Earlier this week, in the Tana river district of Kenya, at least 48 people were killed in an outbreak of ethnic violence. J.M. Ledgard visited the region late last year, and found it under threat...
From INTELLIGENT LIFE magazine, March/April 2012
“It seemed to me that I was in a place where a calamity had occurred.” These words, from V.S. Naipaul’s “The Masque of Africa”, nag at me. The book itself, published in 2010 as his final word on Africa, was a meagre offering; for Naipaul, Africa is unspeakably bland and squalid. The “calamity” was what had happened to nature in and around Kampala, Uganda’s capital, where Naipaul spent a formative five months in 1966 at Makerere University. The Kampala of his memory was fragrant, but now it was lined with “moraines” of rubbish. Why is it so hard for me to escape his verdict? Perhaps because he was telling the truth.
Calamity is often staring you in the face in Africa. Where there was a forest, there is now a bare mountain. Where there was a mountain, there is a quarry. I am a foreigner, with romantic notions. I love Africa, and am embarrassed to ask whether its vitality goes hand in hand with despoilment, or is it carelessness? Where did Africa go? And what I mean by Africa, if I am honest, is paradise. Where did paradise go?
I hear elders tell how leopards used to enter the village when they were children, how the soil was rich then, the maize plentiful, the trees tall and thick, and so clouds gathered, rain fell, and streams were clear-flowing. There was no plastic then, no acid, no metal. There was also no medicine, no schooling, no communication, no alternative. I know that. Yet still I hope for the untouched continent that existed long before Naipaul shipped up; verdant, wild, celebratory.
Taking a speedboat up the Tana river delta before Christmas, I glimpsed it. It was a bright day, with that tarry heat you get on the Kenyan coast. The waters at the mouth of the river were turned to chocolate by sediment, and we cut a white trail. The banks were viridescent, there was a thickness of life, so many insects, so many flowers; some of the channels were narrow as canals, still as pond water, covered with lilies, and all about was the fulvous flashing of weaver birds leaving their nests, and gemlike blue kingfishers. I clambered out on to an uninhabited island and ate under a sausage tree. Squatting on my haunches against the circling ants and rotting fruit, I felt I was finally in a bit of Africa which matched my memory of the Tarzan films. This was a place where a calamity had yet to occur.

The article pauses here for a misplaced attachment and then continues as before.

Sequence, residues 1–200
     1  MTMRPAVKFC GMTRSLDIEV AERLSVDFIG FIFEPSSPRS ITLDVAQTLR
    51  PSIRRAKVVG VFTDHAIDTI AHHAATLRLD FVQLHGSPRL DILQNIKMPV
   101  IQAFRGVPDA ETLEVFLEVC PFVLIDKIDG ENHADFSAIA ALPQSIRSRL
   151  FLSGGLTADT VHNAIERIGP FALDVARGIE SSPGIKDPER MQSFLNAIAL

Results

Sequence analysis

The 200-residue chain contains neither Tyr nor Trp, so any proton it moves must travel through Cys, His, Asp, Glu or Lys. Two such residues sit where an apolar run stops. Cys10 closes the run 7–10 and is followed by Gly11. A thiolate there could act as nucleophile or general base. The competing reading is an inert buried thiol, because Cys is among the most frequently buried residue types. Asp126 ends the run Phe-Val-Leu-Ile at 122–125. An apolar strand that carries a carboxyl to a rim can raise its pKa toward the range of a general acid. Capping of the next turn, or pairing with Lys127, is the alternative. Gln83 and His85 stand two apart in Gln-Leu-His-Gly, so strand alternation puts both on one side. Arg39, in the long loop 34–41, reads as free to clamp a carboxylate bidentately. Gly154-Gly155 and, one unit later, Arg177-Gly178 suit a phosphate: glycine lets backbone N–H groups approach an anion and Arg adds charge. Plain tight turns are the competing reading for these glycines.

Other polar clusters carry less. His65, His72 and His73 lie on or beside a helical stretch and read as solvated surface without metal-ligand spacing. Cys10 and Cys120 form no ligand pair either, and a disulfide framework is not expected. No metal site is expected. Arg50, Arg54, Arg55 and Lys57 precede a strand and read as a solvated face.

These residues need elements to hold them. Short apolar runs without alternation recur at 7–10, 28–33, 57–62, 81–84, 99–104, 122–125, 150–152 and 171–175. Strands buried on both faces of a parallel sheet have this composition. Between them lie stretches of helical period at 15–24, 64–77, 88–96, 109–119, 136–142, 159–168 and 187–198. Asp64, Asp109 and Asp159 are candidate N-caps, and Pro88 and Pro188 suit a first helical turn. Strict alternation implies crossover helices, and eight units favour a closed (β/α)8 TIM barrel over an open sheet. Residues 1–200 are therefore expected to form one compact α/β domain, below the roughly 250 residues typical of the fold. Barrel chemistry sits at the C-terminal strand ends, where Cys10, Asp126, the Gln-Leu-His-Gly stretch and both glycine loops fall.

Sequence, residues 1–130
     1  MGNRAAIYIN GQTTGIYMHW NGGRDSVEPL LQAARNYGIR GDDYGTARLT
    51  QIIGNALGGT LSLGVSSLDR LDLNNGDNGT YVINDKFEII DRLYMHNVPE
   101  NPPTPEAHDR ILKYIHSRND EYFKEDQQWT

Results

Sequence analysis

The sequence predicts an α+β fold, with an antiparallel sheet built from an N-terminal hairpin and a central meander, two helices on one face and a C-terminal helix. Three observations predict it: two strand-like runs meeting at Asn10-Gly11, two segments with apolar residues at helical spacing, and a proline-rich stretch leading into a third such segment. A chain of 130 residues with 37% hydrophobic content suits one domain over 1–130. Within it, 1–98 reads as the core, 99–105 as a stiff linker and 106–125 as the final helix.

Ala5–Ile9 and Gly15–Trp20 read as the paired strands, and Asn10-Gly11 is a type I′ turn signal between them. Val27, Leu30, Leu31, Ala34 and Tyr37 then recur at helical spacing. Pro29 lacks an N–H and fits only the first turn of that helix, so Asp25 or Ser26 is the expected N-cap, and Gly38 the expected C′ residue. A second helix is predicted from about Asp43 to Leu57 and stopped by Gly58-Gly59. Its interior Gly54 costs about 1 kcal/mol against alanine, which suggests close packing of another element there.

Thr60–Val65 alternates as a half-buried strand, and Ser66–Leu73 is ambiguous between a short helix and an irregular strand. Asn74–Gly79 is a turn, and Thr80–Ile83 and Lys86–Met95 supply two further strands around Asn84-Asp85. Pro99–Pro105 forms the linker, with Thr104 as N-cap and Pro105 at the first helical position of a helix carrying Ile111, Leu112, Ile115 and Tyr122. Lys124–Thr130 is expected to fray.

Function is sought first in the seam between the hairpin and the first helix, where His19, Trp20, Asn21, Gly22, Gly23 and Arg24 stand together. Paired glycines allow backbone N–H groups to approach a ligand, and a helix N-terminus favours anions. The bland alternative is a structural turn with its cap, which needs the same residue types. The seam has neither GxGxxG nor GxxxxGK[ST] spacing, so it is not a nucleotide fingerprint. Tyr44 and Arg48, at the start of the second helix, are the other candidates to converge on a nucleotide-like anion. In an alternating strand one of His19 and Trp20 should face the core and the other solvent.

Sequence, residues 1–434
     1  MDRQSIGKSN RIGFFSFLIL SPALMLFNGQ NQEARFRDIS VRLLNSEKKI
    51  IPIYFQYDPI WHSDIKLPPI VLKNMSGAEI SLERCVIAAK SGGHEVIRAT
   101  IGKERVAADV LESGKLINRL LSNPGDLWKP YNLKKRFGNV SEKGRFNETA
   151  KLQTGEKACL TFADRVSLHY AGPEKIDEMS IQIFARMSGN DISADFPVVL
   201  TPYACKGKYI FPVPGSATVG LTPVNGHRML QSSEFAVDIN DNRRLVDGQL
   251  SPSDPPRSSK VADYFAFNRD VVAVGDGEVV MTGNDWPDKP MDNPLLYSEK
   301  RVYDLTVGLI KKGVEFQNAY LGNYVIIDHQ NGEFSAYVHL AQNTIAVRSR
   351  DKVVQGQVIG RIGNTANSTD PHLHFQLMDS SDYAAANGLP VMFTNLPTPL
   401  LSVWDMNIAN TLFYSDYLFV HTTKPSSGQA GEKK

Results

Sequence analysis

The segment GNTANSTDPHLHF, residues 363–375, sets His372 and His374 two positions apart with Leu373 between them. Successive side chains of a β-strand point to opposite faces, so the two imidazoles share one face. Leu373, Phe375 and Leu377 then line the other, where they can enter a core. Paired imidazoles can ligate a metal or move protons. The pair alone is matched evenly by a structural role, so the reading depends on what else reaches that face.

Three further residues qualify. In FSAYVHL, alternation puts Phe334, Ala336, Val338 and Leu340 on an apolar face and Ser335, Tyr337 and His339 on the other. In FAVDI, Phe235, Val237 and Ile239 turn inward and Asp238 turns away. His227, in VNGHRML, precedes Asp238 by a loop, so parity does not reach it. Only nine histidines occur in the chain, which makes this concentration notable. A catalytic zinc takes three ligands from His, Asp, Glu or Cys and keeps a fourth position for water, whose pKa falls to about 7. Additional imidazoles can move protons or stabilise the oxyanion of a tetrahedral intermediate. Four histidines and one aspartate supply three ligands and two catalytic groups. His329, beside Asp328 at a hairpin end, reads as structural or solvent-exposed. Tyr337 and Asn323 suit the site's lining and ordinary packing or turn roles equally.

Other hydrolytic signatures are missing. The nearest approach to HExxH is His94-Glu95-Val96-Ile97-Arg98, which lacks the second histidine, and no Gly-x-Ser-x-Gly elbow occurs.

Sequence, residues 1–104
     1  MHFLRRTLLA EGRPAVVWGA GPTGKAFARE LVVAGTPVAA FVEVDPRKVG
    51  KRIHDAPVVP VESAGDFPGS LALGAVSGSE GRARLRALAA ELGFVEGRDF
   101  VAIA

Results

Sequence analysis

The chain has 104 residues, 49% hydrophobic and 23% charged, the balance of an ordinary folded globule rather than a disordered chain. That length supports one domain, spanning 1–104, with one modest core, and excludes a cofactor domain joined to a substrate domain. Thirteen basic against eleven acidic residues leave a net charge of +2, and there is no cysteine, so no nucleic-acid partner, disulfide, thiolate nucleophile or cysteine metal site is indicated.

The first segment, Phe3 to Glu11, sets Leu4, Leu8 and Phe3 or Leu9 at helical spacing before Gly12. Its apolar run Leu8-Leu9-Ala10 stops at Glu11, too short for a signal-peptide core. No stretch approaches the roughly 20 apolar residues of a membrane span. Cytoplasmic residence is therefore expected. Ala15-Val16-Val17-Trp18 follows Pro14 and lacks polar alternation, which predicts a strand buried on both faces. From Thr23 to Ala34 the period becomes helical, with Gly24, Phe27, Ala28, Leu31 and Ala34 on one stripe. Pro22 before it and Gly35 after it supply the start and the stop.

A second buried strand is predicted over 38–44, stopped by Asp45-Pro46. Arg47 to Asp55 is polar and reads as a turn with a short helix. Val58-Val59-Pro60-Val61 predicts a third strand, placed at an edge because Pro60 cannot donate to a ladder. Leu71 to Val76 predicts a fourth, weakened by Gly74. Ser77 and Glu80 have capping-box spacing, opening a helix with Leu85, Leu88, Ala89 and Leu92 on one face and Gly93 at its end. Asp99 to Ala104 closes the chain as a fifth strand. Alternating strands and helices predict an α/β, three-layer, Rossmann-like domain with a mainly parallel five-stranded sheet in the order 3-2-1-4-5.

FROM SNOW TO SEA
The Tana is the longest river in Kenya. It seeps from the moors of the Aberdare Mountains, gathers snowmelt coursing off Mount Kenya, and wends through vast dry plains inhabited by Somali herders, before emptying into the Indian Ocean, about 1,000 kilometres later. It is a modest river, never wide or deep. Few Kenyans have seen it, or thought much about it; it flows through a few hardscrabble towns. The ranches along it have been bankrupted, the elephant herds mostly wiped out.
Its short recorded history has been one of rejection. White men ventured up the Tana cautiously and unhappily; on its banks Methodist missionaries were speared by tribesmen, the Utopian hopes of Austro-Hungarian Freelanders were shat away by dysentery, and colonial officers turned to drink and killed themselves. The Germans wanted the Tana for their own, but in 1890 they traded it for Heligoland. Attempts to make the river navigable failed because it was too serpentine. In 1906 the railway from Mombasa established a new way into the interior. The Tana has been largely untouched ever since.
Perhaps not for much longer. Kenya’s population has grown from 8m at independence in 1963 to 43m today. Incomes are rising steeply, so Kenyans demand more fuel, more meat, more sugar. That makes the Tana delta an enticing prospect. Existing schemes for industrial farming of jatropha for biofuel and sugar are just the start. Wherever possible the delta will be turned to farming and water siphoned off for irrigation; more cattle will be put on the floodplains. Efforts supported by the Delta Dunes Lodge, a luxury camp, have allowed locals to present a case for conservation to the government in Nairobi. They will be supported by international conservation groups. Still, it is hard for the poor to fight their corner in a system where power and avarice are ardent bedfellows.
The biggest industrial project on the Kenyan coast will be to the north in the Lamu archipelago. At a spot now occupied by a Kenya-US naval base, a super-port capable of handling huge container ships is due to be built. A motorway and railway will move its goods to Ethiopia, South Sudan and Uganda; oil will flow the other way. On arid land now inhabited by the hunter-gatherer Boni people, a new city will arise—call it New Lamu—with 2m people and an international airport. The reaction of well-heeled residents in the heritage-protected Lamu Town is predictably nimby-ish; a more considered view holds that as the development is likely to happen anyway, it is better to demand national-park protection for the Tana delta and its mangrove forests as the price for the super-port.